10. The first time you hold the baby you carried inside of you, in your arms, kiss their cheeks, stroke their soft hair, count their little fingers and toes, and nurse (or feed) your child, you know that you participated in something truly holy, sacred, sublime, and beautiful.
Unfortunately, some mothers don’t get to hold their babies right away.
Some aren’t able to celebrate this first until much later, because some babies come too soon, are too fragile, too sick, too premature, to be held until days, weeks, or months later.
These now-no-longer-pregnant mothers are robbed of this final, most important first in overcoming any remaining doubt that they did indeed create a new baby!
One of my twins was whisked off to the NICU immediately after her birth (though full-term) with a partially collapsed lung and I was unable to hold her for hours as I lay on an operating table, and then moved to a recovery room.
In fact, I didn’t even get to hold my other daughter for the first time until 3 hours after her delivery either. And when I did finally hold her, it was magical, but also a tad sad, as I felt a part of me missing.
Didn’t I carry two children inside of me? Yet, here I was with only one.
The two wouldn’t be together until almost two days after birth, and our family felt very incomplete until we were all together again.
The NICU is a scary place of life and death. It’s traumatic. It’s something you wish and pray for every parent to avoid.
The March of Dimes wants to help Give them tomorrow by collecting 380,000 actions to fight for every baby born too soon in the United States this year.
They need your help to give families with premature babies the chance to celebrate their baby’s firsts by doing one of the following three actions:
- Share a social media post with the hashtags #babysfirst and #givethemtomorrow. (Must use both hashtags.)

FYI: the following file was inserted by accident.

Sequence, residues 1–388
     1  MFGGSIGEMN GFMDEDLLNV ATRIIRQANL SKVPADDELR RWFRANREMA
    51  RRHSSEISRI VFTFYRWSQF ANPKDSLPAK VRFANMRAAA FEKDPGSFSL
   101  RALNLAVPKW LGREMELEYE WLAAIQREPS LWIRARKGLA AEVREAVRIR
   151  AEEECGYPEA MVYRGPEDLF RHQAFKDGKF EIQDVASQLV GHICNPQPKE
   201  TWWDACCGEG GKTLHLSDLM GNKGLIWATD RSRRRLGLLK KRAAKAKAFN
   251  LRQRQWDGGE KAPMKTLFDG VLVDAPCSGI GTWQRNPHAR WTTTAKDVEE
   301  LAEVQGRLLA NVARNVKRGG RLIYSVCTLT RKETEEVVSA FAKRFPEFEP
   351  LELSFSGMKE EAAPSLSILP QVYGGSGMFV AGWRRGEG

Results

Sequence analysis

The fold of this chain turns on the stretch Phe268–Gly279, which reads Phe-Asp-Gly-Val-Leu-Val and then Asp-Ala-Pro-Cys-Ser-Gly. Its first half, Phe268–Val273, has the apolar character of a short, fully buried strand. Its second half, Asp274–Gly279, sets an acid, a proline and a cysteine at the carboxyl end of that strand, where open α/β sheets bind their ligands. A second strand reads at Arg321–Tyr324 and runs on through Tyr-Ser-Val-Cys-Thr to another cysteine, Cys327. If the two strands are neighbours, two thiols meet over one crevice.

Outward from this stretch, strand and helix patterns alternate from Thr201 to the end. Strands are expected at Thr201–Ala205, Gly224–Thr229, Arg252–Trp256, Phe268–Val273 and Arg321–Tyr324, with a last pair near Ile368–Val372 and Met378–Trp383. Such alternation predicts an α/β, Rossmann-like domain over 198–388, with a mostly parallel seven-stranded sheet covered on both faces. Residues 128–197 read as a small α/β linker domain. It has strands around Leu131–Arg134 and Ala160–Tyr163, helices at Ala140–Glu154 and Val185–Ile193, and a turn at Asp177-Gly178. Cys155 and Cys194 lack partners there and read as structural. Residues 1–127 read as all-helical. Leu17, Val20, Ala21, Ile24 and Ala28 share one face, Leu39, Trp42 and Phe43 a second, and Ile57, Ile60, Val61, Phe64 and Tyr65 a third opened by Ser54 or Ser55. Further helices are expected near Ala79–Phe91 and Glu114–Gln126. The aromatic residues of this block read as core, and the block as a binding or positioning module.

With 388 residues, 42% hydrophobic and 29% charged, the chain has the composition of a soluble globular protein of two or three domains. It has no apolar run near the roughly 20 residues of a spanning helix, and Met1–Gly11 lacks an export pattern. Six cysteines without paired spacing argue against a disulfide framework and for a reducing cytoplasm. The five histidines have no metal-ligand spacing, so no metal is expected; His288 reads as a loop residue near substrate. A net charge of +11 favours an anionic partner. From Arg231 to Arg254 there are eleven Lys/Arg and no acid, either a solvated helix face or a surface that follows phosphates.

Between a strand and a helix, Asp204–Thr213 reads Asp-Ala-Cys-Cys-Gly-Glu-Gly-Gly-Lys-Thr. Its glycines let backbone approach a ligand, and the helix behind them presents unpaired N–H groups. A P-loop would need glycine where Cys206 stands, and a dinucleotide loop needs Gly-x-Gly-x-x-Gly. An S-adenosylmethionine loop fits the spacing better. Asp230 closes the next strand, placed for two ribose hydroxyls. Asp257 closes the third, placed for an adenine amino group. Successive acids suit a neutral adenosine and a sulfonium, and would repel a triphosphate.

- Write a digital message of hope in a card that will be delivered to a family with a baby in the NICU.
- Donate to March of Dimes and support research to find the causes and treatments of premature birth.
As a mother of twins, I know a lot of other mothers of multiples.
In fact, I used to be a contributing writer for How Do You Do It? where Moms of Multiples Tell It Like It is. When I was there we did a special Prematurity Awareness Week in honor of World Prematurity Day.
Sadly, many twins, triplets, and higher-order multiples are very acquainted with premature birth and time in the NICU. Their stories are humbling and inspiring to me. It’s not easy on them.
It’s not easy on any parent, no matter how many children they have there! And I always want ways to help new moms.
Every time I’m pregnant, I rejoice in every single first that comes, no matter how much I try to doubt the reality of my pregnancy status along the way.
May every mother experience these 10 important pregnancy firsts, so they can stop saying “I can’t believe I’m pregnant” sooner, and get on with enjoying every new first as it comes, appreciating the reality of what they mean.
This is a sponsored conversation written by me on behalf of March of Dimes. The opinions and text are all mine.